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Review of Statutory Minimum Service Costs (02)


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The implementation of a revised operating model will result in an alternative offer of support which will see a shift from a reliance on the traditional methods of care and support provision. For those individuals who have been supported in this way for a long time we will need to manage this transition in a sensitive manner with a focus on promoting independence. The model will assist with preventing and delaying needs for adults in accordance with its duties under the Care Act 2014.

Work completed as part of the assessment and review process will focus on the replacement of face to face support with alternatives including information, advice and sign posting, universal services and community support, increased use of adaptations, equipment and technology to promote independence and assist in the management of significant risk to an individual’s well-being.

Development of stronger partnerships with all organisations including the voluntary and community sector to ensure targeted support is delivered to assist in the delay and prevention of eligible needs. Successful implementation of this would include a reduction in the number of individuals requiring face to face support including the provision of domiciliary care, day opportunities provision and residential/nursing care placements. Greater use of the Lifeline Service, existing housing stock including sheltered accommodation, extra care facilities and purpose built units will support individuals to remain within the community for a longer period of time without the need to access additional paid services.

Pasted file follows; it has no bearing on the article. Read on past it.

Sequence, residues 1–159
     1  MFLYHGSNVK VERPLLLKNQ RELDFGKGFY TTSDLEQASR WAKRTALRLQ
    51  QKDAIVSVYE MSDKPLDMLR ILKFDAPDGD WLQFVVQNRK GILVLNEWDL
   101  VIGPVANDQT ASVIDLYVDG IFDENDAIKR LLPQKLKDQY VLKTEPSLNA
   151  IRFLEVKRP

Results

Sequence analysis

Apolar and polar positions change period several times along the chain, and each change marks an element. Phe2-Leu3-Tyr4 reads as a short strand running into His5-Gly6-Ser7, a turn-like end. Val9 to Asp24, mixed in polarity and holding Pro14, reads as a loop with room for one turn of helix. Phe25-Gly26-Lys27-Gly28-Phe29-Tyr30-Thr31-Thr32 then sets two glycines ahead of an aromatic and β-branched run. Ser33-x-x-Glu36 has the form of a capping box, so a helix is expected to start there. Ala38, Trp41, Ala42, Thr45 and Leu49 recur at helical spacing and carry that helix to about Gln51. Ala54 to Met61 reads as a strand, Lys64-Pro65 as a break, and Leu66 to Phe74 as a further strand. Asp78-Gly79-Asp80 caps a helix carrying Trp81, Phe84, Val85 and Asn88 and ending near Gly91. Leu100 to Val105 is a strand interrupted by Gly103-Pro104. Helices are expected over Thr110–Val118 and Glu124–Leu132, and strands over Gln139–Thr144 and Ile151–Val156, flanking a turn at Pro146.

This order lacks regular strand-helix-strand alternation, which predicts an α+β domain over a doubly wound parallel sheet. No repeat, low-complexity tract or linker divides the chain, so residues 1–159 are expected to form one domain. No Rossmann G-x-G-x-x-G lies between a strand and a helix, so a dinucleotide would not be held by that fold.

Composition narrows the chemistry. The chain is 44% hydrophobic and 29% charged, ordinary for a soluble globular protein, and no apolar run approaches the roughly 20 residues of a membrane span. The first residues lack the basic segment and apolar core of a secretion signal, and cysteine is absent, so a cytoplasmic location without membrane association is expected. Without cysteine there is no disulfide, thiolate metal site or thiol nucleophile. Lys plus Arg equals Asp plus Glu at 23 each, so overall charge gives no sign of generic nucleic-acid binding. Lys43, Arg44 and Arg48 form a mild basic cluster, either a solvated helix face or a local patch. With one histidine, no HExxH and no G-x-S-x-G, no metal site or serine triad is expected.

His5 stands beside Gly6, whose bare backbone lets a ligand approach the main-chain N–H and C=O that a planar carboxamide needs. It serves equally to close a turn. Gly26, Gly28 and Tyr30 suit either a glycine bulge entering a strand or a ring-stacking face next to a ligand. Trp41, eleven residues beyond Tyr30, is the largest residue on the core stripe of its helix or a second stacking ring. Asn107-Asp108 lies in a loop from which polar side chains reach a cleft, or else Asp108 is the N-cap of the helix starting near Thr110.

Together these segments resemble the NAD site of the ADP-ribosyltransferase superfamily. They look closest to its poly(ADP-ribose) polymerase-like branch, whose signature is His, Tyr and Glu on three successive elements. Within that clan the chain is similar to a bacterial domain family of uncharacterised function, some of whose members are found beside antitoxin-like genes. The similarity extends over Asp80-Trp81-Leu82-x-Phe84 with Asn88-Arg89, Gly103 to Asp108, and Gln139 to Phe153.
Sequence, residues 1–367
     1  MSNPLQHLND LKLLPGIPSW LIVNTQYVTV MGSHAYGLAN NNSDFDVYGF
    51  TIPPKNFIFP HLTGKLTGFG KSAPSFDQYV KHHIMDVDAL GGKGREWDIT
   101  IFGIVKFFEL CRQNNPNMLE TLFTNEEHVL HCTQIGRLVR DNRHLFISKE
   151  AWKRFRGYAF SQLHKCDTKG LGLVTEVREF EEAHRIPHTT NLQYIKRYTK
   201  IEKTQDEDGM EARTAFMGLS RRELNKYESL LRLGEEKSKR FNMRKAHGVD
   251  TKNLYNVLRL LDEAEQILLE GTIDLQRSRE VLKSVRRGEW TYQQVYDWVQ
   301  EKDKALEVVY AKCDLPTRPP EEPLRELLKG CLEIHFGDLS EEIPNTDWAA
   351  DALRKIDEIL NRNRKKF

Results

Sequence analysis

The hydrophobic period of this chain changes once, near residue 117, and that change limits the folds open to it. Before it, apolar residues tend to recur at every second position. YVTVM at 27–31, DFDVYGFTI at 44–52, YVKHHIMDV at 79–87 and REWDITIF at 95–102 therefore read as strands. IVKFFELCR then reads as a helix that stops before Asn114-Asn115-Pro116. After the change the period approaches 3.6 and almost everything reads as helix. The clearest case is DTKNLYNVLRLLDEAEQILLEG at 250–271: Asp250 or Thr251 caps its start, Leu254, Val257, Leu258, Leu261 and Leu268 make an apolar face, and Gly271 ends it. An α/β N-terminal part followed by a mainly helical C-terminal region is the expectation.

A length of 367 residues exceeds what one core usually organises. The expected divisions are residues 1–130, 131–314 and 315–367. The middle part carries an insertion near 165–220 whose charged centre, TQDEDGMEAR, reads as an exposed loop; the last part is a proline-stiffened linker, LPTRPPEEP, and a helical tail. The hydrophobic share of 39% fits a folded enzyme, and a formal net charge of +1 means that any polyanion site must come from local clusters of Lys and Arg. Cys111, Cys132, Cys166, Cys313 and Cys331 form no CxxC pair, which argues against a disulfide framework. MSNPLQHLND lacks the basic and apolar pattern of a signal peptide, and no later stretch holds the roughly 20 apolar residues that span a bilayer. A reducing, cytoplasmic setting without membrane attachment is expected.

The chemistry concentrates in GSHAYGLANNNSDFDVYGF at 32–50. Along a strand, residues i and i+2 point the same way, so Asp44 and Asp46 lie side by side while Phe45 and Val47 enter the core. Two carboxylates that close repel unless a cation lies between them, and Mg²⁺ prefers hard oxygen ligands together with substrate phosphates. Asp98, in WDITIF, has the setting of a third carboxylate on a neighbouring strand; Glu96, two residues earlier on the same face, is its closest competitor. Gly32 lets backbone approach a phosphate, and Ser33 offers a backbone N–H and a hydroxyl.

Services will be available for individuals at risk of deterioration, to maximise their independence and to reduce their dependency on formal care services. Where an individual is at risk of developing longer term care needs, the default offer prior to the need being fully determined will be a period of reablement assessment and provision, this intervention will be time limited and progress monitored against agreed outcomes. This will assist in reducing admissions to hospital, minimising the risk of a deterioration in the individual’s abilities, skills and reducing the likelihood of them developing longer term needs.

Increased use of health and social care personal budgets, should direct individuals away from traditional models of support, offering more choice and control enabling individuals to meet their need in a cost effective manner.


02 Review of Statutory Minimum Service Costs

This proposal will be discussed at the Adults and housing scrutiny committee [PDF document] on 22 March 2016.

Related FAQs

What will be the impact on voluntary organisations such as Citizen’s Advice, Age UK, GADD? What happens if they close?

What will be the impact on voluntary organisations such as Citizen’s Advice, Age UK, GADD? What happens if they close?